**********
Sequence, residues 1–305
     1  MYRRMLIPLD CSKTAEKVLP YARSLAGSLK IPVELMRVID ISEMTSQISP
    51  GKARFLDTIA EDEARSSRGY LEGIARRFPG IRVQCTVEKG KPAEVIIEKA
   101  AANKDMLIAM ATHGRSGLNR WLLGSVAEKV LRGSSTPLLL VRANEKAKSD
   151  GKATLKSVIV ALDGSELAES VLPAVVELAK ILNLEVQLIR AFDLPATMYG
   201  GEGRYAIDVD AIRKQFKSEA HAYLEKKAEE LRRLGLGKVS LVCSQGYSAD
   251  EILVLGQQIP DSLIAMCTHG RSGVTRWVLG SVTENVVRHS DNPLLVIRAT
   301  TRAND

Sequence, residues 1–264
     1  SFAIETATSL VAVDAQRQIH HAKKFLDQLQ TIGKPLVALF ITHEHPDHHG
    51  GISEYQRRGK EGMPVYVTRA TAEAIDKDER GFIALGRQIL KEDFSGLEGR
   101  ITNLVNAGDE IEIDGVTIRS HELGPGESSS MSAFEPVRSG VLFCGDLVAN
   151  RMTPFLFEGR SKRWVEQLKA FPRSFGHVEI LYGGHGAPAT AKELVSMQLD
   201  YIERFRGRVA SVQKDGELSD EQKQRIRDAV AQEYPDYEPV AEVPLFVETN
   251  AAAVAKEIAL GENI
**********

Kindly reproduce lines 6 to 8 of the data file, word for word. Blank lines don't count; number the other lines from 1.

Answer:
   201  GEGRYAIDVD AIRKQFKSEA HAYLEKKAEE LRRLGLGKVS LVCSQGYSAD
   251  EILVLGQQIP DSLIAMCTHG RSGVTRWVLG SVTENVVRHS DNPLLVIRAT
   301  TRAND